5 Words You Use Every Day With Shockingly Dark Backstories

#2. "Cheaters" Were King's Officers Who Stole Your Things

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Say you're playing Monopoly, for some reason, and you decide to just grab your friend's properties and put them on your side. Some people would say you're cheating (the rest would agree that society's rules don't apply to Monopoly). Well, it turns out that the word "cheat" comes from a real-world version of what we just described ... only instead of plastic properties, it was real ones, and the one doing the stealing was the king.

Via Creatinghistory.com
Their version of flipping over the board was called "raiding your land and beheading your family."

Not surprisingly, this starts with the French. The old French "escheat" was something that you got by luck, something good that fell into your lap through no doing of your own. Unexpected spoils of war would be "cheats." If your great-uncle died and left you his favorite sex goat, that would be a cheat. At first, the word didn't have a negative connotation: It was more about getting a lucky break.

That didn't last long. Kings in the Middle Ages wanted to get in on that action, too, only their "lucky breaks" were somewhat more juicy than everyone else's. For example, if you unexpectedly died and had no one to leave your land to, it would fall back to the king as a cheat. The same thing would happen if your rightful heir had committed a crime, or if "the land's owner is a bastard."

Jupiterimages/Polka Dot/Getty Images
"You mean all of this will be mine someday?"
"Well, 'mine' is a matter of perception."

The king even appointed special officers to go around looking for stuff that should be his. They were dubbed "escheatours," or "cheaters" in English. The problem was that these officers didn't always wait for you to die or do something wrong before they took your stuff. They would go around taking shit for the king or themselves and therefore had a reputation for being corrupt and greedy. Some con men would even pretend to be cheaters, forging the king's seal to scam people. These shenanigans gave a bad name to the word "cheating" and to cheaters everywhere.

#1. "Bigot" Was Originally Used to Make Fun of One Race

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There are two main theories about the origin of the word "bigot," but both are based on historical dick moves, and both are ridiculous.

One theory claims that "bigot" comes from the Spanish for mustache, "bigote" -- apparently, while fighting at the siege of Granada, the Spaniards were so impressed by the Swiss soldiers' mustaches that they began calling all Swiss folk "bigote."

Simon Willms/Lifesize/Getty Images
"Say ... cheese."

Somehow this must have evolved into a word for all foreigners and then to someone who hates them. Damn their intolerant views and their thick, luxuriant mustaches!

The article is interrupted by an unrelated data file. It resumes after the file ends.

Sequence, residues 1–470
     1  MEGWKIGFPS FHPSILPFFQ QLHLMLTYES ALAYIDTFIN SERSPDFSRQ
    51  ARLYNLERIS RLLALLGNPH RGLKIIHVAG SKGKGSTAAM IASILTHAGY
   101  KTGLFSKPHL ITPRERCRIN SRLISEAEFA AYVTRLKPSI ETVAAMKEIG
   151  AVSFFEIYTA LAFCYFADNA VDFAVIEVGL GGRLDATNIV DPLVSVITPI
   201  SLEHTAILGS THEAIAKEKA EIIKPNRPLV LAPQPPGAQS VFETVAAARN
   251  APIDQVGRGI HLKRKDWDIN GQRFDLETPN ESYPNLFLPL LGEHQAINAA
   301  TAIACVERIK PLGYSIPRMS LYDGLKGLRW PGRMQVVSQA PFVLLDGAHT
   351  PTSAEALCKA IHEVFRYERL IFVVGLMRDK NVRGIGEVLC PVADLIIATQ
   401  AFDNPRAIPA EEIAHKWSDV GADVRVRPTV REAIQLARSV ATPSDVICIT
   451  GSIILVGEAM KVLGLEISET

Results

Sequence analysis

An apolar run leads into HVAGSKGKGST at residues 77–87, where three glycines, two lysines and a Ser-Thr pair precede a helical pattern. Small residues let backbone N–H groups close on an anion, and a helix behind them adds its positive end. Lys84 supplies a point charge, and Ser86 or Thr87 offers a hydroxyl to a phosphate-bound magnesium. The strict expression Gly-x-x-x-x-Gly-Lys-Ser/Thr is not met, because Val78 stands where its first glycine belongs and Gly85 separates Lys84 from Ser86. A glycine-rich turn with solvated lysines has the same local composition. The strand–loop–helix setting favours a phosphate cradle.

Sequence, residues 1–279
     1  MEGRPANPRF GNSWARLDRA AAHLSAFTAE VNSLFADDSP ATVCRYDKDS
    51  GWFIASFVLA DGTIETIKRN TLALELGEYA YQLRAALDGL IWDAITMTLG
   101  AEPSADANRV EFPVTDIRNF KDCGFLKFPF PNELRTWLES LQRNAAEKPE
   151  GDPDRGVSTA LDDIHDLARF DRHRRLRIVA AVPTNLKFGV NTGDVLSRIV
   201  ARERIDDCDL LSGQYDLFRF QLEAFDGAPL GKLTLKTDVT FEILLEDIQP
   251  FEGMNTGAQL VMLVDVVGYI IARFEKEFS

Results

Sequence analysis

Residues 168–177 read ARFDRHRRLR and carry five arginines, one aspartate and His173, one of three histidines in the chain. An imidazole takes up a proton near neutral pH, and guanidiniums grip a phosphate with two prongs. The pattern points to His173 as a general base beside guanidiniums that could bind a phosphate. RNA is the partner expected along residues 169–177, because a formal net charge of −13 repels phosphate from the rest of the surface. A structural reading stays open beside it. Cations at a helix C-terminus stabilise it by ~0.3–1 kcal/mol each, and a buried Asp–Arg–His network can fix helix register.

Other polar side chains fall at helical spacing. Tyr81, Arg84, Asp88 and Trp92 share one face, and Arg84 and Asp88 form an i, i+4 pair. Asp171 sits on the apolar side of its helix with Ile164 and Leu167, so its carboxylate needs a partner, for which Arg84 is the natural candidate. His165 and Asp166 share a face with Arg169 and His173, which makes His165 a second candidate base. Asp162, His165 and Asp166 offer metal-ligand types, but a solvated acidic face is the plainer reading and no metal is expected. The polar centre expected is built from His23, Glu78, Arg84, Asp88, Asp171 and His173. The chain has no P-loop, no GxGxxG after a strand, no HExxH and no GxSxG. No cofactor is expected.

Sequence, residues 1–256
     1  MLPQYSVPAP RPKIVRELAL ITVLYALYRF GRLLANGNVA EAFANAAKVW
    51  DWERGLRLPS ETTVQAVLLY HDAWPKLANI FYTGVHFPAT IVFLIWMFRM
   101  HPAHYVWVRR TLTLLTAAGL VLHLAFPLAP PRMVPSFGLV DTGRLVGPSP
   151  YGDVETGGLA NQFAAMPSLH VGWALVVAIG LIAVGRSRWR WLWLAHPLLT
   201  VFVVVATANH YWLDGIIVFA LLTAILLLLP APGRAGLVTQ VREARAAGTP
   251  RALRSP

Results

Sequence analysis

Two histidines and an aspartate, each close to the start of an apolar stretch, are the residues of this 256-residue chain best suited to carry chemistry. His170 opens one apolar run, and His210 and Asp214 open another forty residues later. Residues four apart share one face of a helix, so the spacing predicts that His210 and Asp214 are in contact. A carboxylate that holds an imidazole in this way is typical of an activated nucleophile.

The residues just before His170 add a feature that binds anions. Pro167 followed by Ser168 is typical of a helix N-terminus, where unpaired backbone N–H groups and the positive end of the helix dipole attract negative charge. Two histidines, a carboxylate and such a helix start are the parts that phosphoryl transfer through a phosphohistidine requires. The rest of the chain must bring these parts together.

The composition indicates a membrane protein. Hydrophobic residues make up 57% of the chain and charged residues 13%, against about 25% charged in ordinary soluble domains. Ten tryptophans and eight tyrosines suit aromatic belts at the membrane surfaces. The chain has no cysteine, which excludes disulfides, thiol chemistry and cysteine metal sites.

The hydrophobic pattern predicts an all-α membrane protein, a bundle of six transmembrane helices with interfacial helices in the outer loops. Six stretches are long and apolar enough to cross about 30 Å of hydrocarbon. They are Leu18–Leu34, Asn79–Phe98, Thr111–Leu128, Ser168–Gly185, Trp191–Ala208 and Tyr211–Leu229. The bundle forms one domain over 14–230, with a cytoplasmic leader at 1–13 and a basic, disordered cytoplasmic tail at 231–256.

The other theory says that "bigot" came from the phrase "by God," and from that it became the slang term for intolerant religious types. Specifically, it was used as an offensive term for the Normans in the 12th century. These guys lived in part of Northern France (we know it now as Normandy) and were known for being highly religious. The traditional story is that the Normans were so excited to be converted to Christianity that they ran around screaming "By God! By God! By God! Baptize us already!" To us that sounds less like excitement and more like being chased about by murderous crusaders, but who are we to quibble?

Via Wikipedia
"Wait, is that urine? You sick fucks!"

In any case, this theory claims that "by God" became so associated with the Normans' culture that it was soon used as a derogatory nickname for them. Some sources pin this on one specific Norman: Rollo, Duke of Normandy. Rollo became a duke by marrying Gisla, the daughter of King Charles the Simple of France. Charles, a man of simple pleasures, demanded that Rollo kiss his feet to seal the deal. A disgusted Rollo responded: "Not so by God."

Apparently the king and his court were amused by Rollo's reaction. We'll just quote the next part straight from a book so you can see that we're not making this shit up: "Upon which, the king and his courtiers deriding him, and corruptly repeating his answer, called him bigit; from whence the Normans were called, bigodi, or bigots."

Via Wikimedia Commons
And then they had him frozen in carbonite.

Anyway, the nickname was especially used to describe the Normans as religious hypocrites (since they liked to announce their righteousness so loudly), and then it became a catchall word for religious jerks before being narrowed down to just intolerant people in general. We still kind of prefer the mustache thing.



For more ways to check your vernacular, check out 8 Racist Words You Use Every Day and 9 Words You've Used Today With Bizarre Criminal Origins.

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